JM: Well, I mean, if we had to spend our time fact-checking Rupert Murdoch’s propaganda juggernaut, we’d have no time to do anything else. But all of our media is hung up on reporting things in their own backyard, which is how they ended up missing a whole meth epidemic, because it didn’t happen in New York. It ate through Iowa and destroyed towns, but the national media didn’t notice it, which is the same way that we didn’t notice that there was a Trump movement building in the states. We’re easily distracted by the big cities and shiny objects.
That’s why our show keeps trying to go back to the states and to the legislatures that are making decisions that actually affect people’s lives, more than anything in Washington. Also, if you got out and marched your ass in Fairbanks, Alaska, in negative-17-degree weather, you deserve to be on TV. And they did. There was a march in Antarctica. For these people, if you’re in a small town in Idaho or Iowa or Missouri, and there’s 200 of you marching, you’re showing your neighbors that you’re here.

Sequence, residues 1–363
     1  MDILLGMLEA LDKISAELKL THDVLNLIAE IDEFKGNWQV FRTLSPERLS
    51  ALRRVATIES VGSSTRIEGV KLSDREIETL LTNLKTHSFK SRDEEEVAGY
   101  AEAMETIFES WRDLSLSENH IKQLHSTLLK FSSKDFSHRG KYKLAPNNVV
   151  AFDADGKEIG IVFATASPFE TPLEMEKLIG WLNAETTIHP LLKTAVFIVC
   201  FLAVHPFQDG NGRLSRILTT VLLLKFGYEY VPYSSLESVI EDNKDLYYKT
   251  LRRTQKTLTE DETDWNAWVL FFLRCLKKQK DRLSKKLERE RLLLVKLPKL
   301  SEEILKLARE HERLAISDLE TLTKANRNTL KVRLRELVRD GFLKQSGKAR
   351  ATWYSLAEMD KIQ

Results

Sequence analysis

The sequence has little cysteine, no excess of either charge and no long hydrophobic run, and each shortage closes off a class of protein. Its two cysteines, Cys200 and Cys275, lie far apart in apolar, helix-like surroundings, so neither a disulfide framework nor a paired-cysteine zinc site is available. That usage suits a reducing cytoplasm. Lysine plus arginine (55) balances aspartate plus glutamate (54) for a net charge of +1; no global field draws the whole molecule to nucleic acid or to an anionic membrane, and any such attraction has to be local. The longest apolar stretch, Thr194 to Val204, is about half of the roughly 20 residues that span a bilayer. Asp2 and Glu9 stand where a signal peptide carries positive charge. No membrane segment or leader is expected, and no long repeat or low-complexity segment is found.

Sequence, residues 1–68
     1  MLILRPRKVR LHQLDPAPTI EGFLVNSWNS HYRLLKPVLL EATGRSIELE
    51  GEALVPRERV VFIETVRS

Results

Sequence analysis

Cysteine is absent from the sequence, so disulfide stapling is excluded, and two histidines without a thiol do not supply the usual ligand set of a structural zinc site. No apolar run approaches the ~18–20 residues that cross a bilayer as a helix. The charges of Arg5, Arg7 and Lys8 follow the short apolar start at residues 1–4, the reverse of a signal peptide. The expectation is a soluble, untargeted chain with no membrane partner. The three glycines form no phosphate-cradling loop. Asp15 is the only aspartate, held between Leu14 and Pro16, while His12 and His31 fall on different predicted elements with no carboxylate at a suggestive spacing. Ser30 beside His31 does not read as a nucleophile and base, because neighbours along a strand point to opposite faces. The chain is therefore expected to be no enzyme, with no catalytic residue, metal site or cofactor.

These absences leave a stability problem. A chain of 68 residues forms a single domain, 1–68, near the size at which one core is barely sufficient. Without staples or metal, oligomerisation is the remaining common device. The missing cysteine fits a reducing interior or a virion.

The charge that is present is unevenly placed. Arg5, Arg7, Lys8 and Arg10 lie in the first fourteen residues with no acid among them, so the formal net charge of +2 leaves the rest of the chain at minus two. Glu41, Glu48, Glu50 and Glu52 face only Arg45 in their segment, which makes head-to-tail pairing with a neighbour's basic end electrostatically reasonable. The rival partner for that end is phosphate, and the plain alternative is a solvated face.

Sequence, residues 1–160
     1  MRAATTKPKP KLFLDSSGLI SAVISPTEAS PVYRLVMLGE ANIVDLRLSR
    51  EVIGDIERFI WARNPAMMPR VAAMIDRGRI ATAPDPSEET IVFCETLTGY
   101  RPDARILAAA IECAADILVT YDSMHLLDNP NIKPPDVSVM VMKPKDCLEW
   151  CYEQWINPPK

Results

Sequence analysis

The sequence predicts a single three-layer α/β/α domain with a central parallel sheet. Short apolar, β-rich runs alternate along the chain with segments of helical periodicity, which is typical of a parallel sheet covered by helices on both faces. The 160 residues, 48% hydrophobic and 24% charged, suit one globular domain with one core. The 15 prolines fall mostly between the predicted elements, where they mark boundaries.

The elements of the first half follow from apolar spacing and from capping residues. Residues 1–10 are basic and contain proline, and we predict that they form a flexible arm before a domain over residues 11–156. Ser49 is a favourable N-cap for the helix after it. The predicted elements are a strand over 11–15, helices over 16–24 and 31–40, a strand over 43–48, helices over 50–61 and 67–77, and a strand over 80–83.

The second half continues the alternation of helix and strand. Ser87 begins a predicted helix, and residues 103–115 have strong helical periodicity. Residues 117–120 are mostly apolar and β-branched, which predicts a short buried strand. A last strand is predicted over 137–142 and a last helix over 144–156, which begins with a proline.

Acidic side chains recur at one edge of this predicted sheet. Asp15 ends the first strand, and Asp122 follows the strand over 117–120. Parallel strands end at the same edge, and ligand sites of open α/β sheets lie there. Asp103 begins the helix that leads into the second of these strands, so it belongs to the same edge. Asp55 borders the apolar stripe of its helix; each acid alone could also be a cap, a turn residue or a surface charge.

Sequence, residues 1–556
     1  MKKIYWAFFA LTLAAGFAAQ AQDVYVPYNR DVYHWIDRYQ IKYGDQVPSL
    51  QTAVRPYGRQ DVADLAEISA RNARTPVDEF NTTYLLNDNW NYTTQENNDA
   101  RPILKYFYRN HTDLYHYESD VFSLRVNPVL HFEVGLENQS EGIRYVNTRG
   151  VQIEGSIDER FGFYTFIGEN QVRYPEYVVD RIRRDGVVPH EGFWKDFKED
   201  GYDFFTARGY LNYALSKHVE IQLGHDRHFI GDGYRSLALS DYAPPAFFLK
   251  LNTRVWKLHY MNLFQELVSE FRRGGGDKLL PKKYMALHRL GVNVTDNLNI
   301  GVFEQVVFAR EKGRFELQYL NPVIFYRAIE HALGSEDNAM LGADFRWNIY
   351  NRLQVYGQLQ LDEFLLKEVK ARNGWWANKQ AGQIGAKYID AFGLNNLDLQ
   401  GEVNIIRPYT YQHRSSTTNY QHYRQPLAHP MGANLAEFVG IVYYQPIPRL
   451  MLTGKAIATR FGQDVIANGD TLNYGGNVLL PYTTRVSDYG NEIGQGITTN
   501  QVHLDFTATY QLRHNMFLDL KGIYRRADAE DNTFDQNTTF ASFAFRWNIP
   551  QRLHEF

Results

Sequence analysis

I’ve lived in rural Missouri myself and Georgia, and I know how it feels to think you’re alone, and the impulse is to keep your mouth shut and just get along, and not invite negative attention or harassment, and also to just give up. So when someone who’s done that looks out the window and sees 200 like-minded people, it changes the equation. That’s what matters at the end of the day, being active locally and getting people elected. It’s one thing to be able to turn on The Daily Show or our show when you’re in rural Missouri and think, “Oh, god, I’m not alone. There are people in New York who think just like me.” But it’s another thing to look out your window and think, “If I wanted to do something, people would do it with me. And it wouldn’t be pointless.” That’s real, in a way that watching TV and getting a little shot in the arm boost isn’t. So the local marches are kind of everything.
[Ed. note: The episode titles have been corrected.]